How I FINALLY conquered my fear of driving – the five step guide to overcoming amaxophobia
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When we are stressed going for a drive can be a great relaxer but for others being behind the wheel is their worst nightmare.
Amaxophobia is when passengers or drivers persistently feel a sense of overwhelming fear when travelling in a motor.
Sometimes an individual’s phobia of travelling or driving can be so intense, they will may panic while on their journey.
If a person has this phobia they are may also fear travelling in buses, trains, ambulances, trams, aeroplanes and more.
Signs that you may have the phobia include, dizziness, racing heartbeat while driving, disorientation, sweaty palms and excessive panic.
Certain types of amaxophobia are more severe than others. Some can drive but can’t be a passenger, while others can’t even look at a vehicle without feeling a wave of panic.
But how can one overcome their driving phobia, no matter how severe? This five step guide is here to help.
43% of drivers in the UK feel nervous on the road according to study by Aviva. Pictured: a stock image of a car on the motorway
1. Get a driving instructor
If driving makes you feel anxious – do not fear, you are not alone, 43% of drivers feel nervous on the road according to study by Aviva.
Daniel Cluff, an occupational therapist and former driving instructor of 13 years echoed this, saying: ‘A lot of people get anxious before they drive or when they first start.
‘It is a very alien experience even if you have been a passenger for many years.’
He recommended that getting a driving instructor and a few lessons is a good avenue for those wanting to overcome this fear..
Mr Cluff, 48, said: ‘If your fear of driving is more generalised, such as you are learning or relearning to drive then I would suggest getting an approved driving instructor.
‘They have dual controls and they can take control of the vehicle if they need to.
‘As tough as it might be you have to immerse yourself and dive in and overcome your fear. otherwise you will never step over that threshold and dispel the fear or myth holding you back.’
He also imparted advice on what not to do, saying: ‘I would suggest to avoid scenarios that will trigger you, whilst keeping in mind that you might have to face them at some point.
‘Slowly build up as you don’t want to go to pieces when the unexpected happens.’
READ MORE: Why we women really are bad drivers and men are to blame!: The phobias and criticism that stop us getting behind the wheel
2. Be honest about your fears
You can lie to others but it is always important in general life to always be honest with yourself, and the exact same applies to your fear of driving.
Releasing your free into the universe, through a voice recording or writing it down on a piece of paper can help you move ever so closer in conquering your fear of driving.
‘The Brutal Truth Method’ can also be a useful tactic in overcoming your fears with the help of someone else according to The Kentucky Counselling Centre.
This method is when you voice your fear to a friend and they point out how powerless it is. You could say that you have an innate fear of clowns and then your friend would highlight how the clown poses no risk to you.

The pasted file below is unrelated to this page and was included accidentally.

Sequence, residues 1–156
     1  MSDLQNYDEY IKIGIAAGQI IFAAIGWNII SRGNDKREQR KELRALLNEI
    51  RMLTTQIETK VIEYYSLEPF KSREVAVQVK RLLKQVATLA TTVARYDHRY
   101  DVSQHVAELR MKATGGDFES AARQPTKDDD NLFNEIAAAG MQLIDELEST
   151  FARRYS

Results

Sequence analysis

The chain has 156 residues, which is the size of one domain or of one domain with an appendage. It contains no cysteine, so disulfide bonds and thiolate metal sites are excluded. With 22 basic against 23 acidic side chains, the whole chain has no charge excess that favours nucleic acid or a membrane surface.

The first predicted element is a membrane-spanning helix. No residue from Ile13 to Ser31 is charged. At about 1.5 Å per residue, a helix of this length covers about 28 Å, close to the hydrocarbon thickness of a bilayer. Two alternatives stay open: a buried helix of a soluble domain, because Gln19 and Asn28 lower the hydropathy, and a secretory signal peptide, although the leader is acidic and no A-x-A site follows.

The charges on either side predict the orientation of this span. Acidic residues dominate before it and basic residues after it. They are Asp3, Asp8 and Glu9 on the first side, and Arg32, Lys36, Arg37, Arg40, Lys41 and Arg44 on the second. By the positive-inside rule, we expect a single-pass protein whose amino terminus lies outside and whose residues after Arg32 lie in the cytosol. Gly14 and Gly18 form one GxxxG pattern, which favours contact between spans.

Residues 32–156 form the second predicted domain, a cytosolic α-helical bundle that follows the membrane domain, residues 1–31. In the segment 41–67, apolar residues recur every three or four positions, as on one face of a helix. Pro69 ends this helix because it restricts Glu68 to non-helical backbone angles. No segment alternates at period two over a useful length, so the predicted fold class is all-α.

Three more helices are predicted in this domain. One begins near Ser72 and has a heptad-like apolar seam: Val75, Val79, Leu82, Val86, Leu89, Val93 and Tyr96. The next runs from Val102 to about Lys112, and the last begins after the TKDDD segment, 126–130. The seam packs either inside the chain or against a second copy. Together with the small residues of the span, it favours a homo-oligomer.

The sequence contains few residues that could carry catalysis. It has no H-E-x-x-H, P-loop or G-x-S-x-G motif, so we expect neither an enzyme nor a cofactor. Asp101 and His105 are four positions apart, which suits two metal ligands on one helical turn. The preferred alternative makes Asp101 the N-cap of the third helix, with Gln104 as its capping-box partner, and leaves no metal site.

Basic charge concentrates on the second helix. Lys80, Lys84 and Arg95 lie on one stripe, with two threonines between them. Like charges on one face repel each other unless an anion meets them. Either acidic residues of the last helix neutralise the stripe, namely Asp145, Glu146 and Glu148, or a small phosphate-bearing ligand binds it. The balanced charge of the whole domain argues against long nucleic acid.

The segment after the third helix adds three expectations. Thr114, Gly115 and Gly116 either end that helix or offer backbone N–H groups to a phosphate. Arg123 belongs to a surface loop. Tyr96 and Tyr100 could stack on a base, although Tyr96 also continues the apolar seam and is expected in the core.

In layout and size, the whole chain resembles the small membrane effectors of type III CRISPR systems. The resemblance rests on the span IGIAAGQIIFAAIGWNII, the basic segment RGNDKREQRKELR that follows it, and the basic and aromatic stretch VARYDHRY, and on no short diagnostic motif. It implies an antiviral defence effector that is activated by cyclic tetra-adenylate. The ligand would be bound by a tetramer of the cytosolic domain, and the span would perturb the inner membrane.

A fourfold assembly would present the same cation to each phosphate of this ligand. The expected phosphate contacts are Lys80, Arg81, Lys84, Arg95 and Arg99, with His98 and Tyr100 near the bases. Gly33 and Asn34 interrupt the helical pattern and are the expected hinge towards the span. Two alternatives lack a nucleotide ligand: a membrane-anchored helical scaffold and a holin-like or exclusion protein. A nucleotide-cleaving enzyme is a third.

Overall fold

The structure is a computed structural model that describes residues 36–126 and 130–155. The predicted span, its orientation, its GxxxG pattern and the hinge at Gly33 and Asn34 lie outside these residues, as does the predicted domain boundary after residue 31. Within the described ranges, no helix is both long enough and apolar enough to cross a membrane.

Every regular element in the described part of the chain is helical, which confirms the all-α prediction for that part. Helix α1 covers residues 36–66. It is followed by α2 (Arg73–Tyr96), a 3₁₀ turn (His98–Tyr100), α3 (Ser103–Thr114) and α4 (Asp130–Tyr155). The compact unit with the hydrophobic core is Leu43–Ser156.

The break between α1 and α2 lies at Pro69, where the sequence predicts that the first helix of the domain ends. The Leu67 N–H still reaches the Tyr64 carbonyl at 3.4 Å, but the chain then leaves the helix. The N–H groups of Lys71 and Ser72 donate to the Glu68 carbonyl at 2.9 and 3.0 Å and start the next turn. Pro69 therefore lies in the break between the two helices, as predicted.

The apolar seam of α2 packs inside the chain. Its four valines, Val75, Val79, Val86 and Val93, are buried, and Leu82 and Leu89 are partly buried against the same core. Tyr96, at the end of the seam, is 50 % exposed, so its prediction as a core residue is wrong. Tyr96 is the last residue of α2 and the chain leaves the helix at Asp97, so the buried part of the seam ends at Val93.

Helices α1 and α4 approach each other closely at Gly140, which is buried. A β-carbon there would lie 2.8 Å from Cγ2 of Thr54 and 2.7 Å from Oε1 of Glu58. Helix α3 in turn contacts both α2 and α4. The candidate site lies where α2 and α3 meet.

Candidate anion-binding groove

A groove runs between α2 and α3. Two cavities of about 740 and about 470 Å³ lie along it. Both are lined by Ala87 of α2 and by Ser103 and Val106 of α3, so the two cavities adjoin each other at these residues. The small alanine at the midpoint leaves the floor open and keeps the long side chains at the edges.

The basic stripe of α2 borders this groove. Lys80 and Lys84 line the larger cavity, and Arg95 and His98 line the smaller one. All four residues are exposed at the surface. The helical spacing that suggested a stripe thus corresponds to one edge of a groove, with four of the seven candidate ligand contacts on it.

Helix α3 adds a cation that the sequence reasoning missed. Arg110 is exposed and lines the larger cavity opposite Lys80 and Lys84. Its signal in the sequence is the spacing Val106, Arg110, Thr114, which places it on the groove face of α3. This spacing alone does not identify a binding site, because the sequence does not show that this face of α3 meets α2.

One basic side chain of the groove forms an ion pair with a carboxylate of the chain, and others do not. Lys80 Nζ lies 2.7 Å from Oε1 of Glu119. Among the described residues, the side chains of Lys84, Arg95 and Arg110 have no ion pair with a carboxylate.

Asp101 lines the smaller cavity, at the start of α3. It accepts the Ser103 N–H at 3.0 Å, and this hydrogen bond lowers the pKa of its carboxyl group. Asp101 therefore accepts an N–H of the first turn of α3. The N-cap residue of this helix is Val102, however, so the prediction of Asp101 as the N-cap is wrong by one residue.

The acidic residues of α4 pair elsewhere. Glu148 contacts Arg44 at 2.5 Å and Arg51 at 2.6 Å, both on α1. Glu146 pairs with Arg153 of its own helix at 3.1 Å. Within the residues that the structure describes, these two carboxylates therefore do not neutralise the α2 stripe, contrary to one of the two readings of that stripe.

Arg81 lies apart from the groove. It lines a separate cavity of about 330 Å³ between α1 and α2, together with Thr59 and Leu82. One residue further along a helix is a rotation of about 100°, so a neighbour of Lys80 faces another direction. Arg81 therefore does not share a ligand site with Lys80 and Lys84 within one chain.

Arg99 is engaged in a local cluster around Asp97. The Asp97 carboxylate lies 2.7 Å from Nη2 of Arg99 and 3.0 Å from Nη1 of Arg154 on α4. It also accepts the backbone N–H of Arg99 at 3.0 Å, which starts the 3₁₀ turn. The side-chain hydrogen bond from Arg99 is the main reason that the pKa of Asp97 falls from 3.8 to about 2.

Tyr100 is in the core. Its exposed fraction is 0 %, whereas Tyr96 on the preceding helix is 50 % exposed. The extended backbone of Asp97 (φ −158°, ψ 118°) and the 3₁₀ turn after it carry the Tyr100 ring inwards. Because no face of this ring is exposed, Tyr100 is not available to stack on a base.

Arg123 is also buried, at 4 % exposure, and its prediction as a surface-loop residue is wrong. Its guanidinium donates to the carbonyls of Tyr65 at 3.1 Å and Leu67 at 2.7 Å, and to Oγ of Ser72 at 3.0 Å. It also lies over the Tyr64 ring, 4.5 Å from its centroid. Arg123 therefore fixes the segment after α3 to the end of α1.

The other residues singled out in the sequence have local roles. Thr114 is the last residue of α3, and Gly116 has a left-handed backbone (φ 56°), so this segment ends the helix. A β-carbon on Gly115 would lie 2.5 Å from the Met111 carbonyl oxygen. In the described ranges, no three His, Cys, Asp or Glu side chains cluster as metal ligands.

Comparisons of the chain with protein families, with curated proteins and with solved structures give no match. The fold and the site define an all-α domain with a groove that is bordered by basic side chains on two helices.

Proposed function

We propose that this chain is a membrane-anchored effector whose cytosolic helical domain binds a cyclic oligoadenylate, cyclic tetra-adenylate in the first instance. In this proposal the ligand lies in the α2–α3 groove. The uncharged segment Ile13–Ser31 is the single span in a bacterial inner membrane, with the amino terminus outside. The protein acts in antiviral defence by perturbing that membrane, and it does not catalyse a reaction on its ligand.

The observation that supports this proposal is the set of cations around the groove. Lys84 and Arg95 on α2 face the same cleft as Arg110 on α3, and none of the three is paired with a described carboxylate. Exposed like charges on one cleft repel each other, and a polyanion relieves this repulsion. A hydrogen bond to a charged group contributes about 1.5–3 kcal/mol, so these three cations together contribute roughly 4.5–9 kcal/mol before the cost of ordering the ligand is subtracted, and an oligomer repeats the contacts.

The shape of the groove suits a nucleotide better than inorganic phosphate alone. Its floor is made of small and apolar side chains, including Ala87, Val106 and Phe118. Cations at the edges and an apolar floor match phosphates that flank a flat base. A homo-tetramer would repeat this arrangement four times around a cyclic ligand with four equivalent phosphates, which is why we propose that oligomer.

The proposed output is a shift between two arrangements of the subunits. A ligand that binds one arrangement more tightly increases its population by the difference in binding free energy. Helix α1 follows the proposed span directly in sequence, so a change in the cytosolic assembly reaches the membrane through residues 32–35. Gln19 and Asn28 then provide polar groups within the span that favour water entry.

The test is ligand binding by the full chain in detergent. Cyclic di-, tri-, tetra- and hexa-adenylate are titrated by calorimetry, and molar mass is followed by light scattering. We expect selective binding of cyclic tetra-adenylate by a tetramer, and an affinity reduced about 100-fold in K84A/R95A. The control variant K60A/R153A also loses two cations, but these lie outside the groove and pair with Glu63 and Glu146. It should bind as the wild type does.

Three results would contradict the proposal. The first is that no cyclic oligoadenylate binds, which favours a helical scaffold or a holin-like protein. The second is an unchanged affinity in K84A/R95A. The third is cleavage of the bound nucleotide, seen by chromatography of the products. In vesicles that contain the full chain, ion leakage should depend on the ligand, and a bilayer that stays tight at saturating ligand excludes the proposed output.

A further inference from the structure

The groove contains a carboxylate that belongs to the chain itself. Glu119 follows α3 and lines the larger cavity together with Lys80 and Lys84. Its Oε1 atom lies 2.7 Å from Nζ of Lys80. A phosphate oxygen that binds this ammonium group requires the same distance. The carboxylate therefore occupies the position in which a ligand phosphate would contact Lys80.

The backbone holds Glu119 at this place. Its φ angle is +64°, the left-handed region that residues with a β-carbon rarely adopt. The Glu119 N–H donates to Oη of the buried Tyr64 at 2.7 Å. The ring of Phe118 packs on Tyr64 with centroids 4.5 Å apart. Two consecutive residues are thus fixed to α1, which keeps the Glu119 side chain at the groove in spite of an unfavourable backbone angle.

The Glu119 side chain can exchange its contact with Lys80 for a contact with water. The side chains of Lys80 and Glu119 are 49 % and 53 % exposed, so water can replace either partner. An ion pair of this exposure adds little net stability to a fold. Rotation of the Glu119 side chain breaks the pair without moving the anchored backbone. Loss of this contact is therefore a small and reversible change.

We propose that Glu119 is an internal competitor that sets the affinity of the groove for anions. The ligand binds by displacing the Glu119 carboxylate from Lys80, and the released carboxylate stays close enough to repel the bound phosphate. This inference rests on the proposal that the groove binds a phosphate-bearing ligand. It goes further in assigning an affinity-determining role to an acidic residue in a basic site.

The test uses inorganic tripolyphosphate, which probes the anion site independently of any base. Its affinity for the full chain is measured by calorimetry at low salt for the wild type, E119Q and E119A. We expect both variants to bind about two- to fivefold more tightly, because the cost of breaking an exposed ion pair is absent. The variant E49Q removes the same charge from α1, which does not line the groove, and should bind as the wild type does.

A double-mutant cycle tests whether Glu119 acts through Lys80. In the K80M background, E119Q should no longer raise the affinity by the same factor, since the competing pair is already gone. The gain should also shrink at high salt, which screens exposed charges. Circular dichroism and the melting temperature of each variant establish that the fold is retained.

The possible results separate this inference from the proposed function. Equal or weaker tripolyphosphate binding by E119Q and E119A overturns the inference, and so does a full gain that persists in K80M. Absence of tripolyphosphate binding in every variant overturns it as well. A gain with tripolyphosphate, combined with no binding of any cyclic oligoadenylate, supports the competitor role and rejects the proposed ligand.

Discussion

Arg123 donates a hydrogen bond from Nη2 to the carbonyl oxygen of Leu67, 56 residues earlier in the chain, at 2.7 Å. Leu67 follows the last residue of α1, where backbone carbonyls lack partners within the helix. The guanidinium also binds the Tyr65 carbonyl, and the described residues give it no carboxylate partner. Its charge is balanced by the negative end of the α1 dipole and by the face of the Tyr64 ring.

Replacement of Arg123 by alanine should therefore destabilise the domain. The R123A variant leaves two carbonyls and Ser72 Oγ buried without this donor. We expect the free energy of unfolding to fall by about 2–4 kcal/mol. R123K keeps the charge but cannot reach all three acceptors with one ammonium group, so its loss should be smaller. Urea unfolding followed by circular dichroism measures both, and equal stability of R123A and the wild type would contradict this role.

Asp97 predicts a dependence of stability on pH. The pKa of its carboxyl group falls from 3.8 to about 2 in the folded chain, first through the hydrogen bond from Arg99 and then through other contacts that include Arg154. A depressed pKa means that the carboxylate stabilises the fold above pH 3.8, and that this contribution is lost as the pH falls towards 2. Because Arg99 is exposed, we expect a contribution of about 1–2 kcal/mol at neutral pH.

3. Practice meditation techniques
Meditation has an array of benefits. It reduces your stress levels, it can ease your anxiety and help you get a better night’s sleep.
It can also help relieve some burdens buried deeper in your mind, such as a phobia of driving. It can help you feel less paranoids and more focused when you are on the roads.
Equally – it’s free. A guide to mastering the art of meditation can also be found here.
4. Use positive words of affirmation
Showing yourself some love by telling your self short positive sentences every day will not only improve your mood but can help.
Jack Canfield, the world’s best-known self-help expert revealed her 13 daily affirmations for success.
Words of affirmation are not only a great way to practice self encouragement and to help you on your journey to success – it can help you defeat the fear of getting behind the wheel.
Telling yourself: ‘I am afraid to drive, but I can,’ can be a good way to slowly build up your confidence to get on the road.
If you have amaxophobia from travelling in a car (pictured in stock image) it is always important to seek professional help and guidance
5. Go to therapy
For those with a deep-rooted fear of driving, Mr Cluff advised those wanting to get back behind the wheel to seek advice and guidance.
The former driving instructor said: ‘I would ask if there has been a specific or traumatic event that has caused the fear.
‘If it was a nasty car accident, I would suggest counselling, It also may be worth having that discussion with your GP practice.
‘You can even phone CBT therapist and check through your circumstances with them and ask outright and if that type of therapy would help you.’
Cognitive behavioural therapy (CBT) is a type of counselling the NHS details in their information on treating phobias.
CBT is where an individual is gradually exposed to their phobia over time. However, the National Institute for Health and Care Excellence (NICE) does not advise that adults with phobia utilize computerized CBT as a form of treatment.
However each person and phobia is different, therefore, if you want to seek more advice on how to deal with your phobia, NHS guidance on treatment can be found here.
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